This is where his story gets interesting. You see, in Sweden they don’t believe in promoting people too quickly. At Falkenberg Astrit was the youngster, and when he began training with the senior team he had to pick up bibs and cones, carry water for the older guys and generally act the dogsbody. He was fine with this, he had to prove himself before he could be a player. But Astrit felt that he wasn’t getting a chance. He would come on in Superettan (Swedish second tier) games and dominate, but would still be on the bench for the next one.

This was frustrating for him, and eventually he and his father decided that they would have to do something about it. Liverpool had been showing interest and so they went to Kirby and chatted with Steve Heighway, eventually signing up and becoming a Scouse celebrity.

This caused consternation back home. The FFF chairman thought he wasn’t ready, and wasn’t afraid to say so. Swedish players don’t do that – not many have succeeded after moving abroad at that stage. Interestingly, Astrit cites Johan Elmander as an example. He had gone to Feyenoord at 16 and then come back ‘with his tail between his legs’, but was stronger for the experience and is now seeing the rewards. Basically, Astrit doesn’t see it as a risk – it’s an opportunity. Failure won’t destroy him as Swedish coaches sometimes fear, he believes he is strong enough to take it and the chance of playing for Liverpool is too good to miss.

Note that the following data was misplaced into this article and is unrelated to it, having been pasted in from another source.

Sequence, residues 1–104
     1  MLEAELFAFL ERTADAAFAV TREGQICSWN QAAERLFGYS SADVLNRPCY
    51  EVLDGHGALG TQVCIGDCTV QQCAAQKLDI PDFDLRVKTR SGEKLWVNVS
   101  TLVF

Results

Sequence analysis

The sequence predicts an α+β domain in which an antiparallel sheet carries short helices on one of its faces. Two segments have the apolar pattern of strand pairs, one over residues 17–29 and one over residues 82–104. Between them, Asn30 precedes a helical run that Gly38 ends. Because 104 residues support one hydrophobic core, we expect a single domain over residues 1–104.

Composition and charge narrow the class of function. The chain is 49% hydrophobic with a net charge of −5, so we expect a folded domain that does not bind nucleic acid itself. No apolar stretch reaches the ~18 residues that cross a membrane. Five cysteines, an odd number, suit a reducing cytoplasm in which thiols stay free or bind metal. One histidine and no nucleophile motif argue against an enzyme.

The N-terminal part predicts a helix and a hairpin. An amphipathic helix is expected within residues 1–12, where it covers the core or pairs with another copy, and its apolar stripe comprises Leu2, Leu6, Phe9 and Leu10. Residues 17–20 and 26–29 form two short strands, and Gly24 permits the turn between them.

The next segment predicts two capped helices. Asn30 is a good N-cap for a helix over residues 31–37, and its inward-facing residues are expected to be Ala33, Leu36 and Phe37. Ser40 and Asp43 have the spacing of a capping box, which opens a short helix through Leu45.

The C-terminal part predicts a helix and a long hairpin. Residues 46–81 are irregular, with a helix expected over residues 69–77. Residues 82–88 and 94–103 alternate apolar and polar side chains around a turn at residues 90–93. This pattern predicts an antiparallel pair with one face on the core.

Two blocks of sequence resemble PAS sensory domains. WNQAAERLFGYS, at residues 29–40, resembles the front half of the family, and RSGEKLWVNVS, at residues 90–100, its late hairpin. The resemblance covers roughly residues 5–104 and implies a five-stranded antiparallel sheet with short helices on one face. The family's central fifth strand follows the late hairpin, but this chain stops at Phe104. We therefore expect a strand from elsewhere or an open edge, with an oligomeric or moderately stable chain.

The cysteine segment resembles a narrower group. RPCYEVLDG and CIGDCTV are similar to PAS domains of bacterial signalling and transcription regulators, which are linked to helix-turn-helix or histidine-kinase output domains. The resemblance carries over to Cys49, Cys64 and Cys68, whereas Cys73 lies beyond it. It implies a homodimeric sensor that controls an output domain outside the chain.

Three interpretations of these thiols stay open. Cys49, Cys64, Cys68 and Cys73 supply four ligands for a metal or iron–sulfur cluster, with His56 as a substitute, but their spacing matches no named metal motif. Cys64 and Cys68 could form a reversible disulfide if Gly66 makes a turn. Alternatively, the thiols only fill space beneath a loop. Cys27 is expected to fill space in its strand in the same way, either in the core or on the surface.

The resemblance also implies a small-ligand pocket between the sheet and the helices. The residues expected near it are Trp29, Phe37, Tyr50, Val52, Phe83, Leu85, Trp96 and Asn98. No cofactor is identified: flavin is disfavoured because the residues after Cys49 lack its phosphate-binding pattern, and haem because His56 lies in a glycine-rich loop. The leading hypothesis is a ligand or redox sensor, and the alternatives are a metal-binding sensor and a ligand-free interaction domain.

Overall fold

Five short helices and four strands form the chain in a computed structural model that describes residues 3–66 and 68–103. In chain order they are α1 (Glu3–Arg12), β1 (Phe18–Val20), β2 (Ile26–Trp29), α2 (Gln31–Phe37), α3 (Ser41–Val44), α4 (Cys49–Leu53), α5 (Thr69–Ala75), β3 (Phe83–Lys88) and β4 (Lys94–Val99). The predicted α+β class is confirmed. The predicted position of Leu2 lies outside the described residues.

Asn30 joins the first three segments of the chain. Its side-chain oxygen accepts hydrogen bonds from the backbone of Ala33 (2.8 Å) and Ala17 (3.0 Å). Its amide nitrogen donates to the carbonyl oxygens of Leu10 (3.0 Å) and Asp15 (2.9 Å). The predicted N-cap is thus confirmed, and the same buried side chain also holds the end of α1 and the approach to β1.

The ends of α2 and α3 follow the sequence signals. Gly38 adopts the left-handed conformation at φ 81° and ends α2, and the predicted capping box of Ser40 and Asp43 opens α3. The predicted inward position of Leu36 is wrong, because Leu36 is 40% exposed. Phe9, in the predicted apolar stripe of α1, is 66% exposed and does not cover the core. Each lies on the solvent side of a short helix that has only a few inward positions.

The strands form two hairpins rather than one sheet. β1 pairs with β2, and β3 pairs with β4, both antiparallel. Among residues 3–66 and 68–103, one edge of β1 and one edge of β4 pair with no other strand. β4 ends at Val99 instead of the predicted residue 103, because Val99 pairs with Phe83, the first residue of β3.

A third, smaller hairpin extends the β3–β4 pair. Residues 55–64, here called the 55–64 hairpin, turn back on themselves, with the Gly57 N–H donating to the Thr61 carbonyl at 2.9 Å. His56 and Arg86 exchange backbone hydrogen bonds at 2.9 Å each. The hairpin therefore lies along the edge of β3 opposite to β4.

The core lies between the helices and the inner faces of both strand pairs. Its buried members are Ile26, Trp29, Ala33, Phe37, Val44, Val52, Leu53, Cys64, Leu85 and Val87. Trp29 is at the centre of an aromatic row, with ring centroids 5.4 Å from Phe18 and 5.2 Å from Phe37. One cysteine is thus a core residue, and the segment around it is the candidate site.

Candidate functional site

He doesn’t like the Swedish system, and he regards his age group’s national team as better than the two immediately above them. He’s pissed off that he won’t be promoted because of this, and makes the point that ‘Rooney would never have got a chance at 17 in Sweden’.

Now there are two aspects to this conflict. One is the Nordic, co-operative model of football which in Finland is known as ‘kaikki pelaa’, everyone plays. It holds that you have to give equal treatment to everyone and playing time should be evenly distributed, along with coaching time. Don’t concentrate on the stars, make everyone feel part of the group.

This is a valuable and useful philosophy, but there are a growing number of coaches who claim that it doesn’t produce enough elite players. They believe that players in this system don’t have the same desire and competitive edge that those in other, more elite-oriented countries possess.